The Best in TV #1 - Boston Legal

Listen, do you want to hear a secret? Do you promise not to tell? Well, my lovely clever smartphone announces a new caller with a breezy "bah, bah, bow bow bow bah bah da da". Whenever it sounds in a room full of strangers, I can immediately work out who is in on the secret. I can discern who knows about "flamingos", necks and "word salad" and cares about liberal pinko issues. I immediately know who has laughed at the phrases "Klingons?" and "I once captained my own spaceship".imageDavid E Kelley is an amazing man. First off, he's married to Michelle Pfeiffer and has been for some time - well done sir. More pertinently he is the creator or co-creator of (deep breath) ...Ally McBeal, The Practice, Chicago Hope, Harry's Law, The Crazy Ones, Monday Mornings, Boston Public, Picket Fences, Lake Placid and Boston Legal. All of this from a lawyer who got a little sidetracked with his hobby of writing. Since the late eighties, Kelley has been contributing or writing a major network TV show, or three, and shows no sign of stopping even if The Crazy Ones is no highpoint in his career.

Typically his shows have been about lawyers or doctors or teachers, dealt with the politics of the day and the ethics of the profession. Tonally, these shows have varied from the earnest, thriller like, The Practice to the often surreal and extremely meta masterpiece that is Boston Legal. As a show runner his input has varied from very very hands on with the latter, to much more distant like the middle, much weaker, episodes of Chicago Hope. All of his shows have had extraordinary characters at the centre of them, a desire for diversity, and a tight grip on the nonsense of the human psyche. imageFor all of it's story lines about the death penalty, abortion, corruption and big business, Boston Legal is really a story of a friendship. After a few episodes, the writing hit upon the idea of completing each episode in the company of these two friends and continued to develop from there. These two friends nurse each other through heartbreak, degenerative illness, professional failure and eventually end up married despite the homophobia of one of them. The friends are pinko Democrat Alan Shore and gun toting Republican Denny Crane.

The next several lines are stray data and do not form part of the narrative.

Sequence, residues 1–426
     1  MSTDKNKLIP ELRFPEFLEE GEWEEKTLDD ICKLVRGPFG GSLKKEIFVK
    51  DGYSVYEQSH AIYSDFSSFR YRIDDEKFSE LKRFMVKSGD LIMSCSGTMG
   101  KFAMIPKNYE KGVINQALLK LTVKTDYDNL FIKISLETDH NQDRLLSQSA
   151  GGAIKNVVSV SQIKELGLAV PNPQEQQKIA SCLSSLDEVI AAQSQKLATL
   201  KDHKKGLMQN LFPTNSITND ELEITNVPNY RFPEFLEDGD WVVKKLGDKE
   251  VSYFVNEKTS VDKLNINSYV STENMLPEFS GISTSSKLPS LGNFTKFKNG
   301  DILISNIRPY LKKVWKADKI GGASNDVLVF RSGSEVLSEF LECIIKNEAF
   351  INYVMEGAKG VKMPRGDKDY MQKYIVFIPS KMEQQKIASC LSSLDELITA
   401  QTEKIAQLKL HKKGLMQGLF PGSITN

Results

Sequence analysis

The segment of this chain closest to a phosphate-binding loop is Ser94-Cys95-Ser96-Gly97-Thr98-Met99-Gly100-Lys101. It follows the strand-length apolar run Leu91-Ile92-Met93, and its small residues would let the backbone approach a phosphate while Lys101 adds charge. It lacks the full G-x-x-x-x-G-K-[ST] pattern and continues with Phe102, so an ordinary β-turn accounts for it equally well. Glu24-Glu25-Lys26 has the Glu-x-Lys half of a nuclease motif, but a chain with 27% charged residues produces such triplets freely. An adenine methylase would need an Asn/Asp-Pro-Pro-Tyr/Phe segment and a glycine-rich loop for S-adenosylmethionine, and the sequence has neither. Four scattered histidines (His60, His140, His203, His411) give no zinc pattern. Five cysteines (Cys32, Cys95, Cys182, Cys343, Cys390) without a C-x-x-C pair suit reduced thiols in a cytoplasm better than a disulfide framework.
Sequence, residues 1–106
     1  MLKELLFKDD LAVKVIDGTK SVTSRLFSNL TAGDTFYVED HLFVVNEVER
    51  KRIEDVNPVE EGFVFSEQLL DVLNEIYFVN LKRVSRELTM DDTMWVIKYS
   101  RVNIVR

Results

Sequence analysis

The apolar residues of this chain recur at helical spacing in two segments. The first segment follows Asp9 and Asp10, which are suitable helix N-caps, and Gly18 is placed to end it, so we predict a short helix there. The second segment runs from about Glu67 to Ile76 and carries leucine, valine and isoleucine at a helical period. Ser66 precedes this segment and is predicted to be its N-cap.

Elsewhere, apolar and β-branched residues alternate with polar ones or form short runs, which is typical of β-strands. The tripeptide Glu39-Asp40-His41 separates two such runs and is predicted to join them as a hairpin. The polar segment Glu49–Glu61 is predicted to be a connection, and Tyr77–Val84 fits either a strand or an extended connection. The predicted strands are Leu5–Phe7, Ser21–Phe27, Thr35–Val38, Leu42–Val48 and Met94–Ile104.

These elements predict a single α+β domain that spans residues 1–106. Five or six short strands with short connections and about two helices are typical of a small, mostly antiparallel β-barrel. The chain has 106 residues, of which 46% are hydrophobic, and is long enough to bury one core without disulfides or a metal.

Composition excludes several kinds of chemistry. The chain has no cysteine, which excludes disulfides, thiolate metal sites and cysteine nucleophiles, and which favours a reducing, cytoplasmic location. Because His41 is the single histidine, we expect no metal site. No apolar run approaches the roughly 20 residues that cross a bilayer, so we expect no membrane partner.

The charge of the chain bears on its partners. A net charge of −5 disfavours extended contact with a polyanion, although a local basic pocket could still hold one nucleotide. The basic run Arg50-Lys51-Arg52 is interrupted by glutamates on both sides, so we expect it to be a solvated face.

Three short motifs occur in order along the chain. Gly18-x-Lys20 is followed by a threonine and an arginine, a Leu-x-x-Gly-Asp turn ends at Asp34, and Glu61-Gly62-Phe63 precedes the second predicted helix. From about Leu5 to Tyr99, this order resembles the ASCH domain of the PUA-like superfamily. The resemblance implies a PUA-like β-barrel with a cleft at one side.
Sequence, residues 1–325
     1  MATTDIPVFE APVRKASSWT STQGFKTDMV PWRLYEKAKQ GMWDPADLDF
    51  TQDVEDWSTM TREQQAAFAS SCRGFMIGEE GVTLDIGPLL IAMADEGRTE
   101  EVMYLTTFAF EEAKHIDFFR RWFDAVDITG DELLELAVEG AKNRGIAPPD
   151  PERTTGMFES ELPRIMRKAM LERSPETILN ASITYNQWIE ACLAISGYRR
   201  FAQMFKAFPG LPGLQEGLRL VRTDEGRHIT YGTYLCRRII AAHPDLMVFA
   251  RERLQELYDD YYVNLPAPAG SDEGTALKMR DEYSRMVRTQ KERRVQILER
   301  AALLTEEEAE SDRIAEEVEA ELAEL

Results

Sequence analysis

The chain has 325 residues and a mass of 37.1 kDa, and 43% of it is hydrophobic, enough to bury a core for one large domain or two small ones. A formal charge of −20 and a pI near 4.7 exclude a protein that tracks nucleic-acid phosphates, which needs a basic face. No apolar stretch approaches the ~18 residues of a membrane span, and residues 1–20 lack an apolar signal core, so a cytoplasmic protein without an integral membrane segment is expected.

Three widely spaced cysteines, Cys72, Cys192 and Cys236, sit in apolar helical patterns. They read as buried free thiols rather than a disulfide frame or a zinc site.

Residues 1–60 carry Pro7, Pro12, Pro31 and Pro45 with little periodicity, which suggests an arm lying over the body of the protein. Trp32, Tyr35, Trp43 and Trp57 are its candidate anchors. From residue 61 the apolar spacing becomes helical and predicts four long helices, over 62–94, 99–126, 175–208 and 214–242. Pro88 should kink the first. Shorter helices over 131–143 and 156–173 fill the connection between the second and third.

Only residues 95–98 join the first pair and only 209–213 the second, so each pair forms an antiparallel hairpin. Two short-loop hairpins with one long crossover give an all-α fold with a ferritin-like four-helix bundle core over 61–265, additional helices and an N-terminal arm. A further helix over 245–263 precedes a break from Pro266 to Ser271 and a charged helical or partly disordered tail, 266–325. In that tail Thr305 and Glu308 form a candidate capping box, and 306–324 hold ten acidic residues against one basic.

Alan Shore first appears in Kelley's work in the final season of The Practice, along with Tara Wilson (Rhona Mitra) - another transferee to Boston Legal. Shore starts as a disgraced anti-trust lawyer forced into doing good works who then evolves into the tub thumping commitment phobe working at Crane, Poole and Schmidt. As Shore, James Spader is sometimes charmingly repulsive, delectably flawed and often a child lost in an emotional maze. And he's a lecher, a serial womaniser entering middle age disgracefully. imageIt is his fondness for women, drink and cigars that brings Alan together with Denny Crane. Crane is a living legend, played by the Shatner, who has never lost a case but is beginning to lose his marbles. His constant badinage with the younger female staff makes him a sorrier figure than Alan and his wrestling with his mental decline is what really brings the viewer in. Denny's prejudices lead him to difficult romances with a little woman, shooting a client and constant rows with Alan about events in Afghanistan and Iraq, but he is a loyal friend and Shore and Crane are perfection together.

Five seasons allowed this friendship to really develop and for the differences of red and blue America to get a thorough airing. Kelley is dangerous at times, often taking potshots at Fox, the network producing the programme, and depicting the existing supreme court justices in far from admiring light. His genuine anger at the injustices of law and the world at large is mirrored in Shore, who often becomes the voice of truth regardless of whether he's listened to. imageAnd there's Jerry, the lawyer with his skips, hops and circling walk. And there's Betty White being gleefully eccentric. And there's John Larroquette, Rene Auberjonois, Julie Bowen, Candice Bergen, Mark Valley and the sexy, mad, bitter and wacky judges. Not to mention Saffron Burrows' neck which nearly gets a series of it's own.

The show ended six years ago now, but if you're ever in need of fun, stimulation and the best testament to friendship there is, then 101 episodes exist and you should chase 'em down. Boston Legal is my favourite show of all time, should it be yours?

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